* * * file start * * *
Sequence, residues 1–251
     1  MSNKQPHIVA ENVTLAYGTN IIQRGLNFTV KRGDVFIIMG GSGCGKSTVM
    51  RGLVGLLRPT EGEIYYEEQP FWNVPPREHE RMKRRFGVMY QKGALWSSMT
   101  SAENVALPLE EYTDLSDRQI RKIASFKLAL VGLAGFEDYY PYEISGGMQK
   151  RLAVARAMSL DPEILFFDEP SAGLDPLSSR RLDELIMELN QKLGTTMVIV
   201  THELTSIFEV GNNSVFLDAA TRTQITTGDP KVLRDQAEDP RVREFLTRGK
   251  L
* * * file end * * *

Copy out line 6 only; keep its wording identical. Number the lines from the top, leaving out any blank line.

   201  THELTSIFEV GNNSVFLDAA TRTQITTGDP KVLRDQAEDP RVREFLTRGK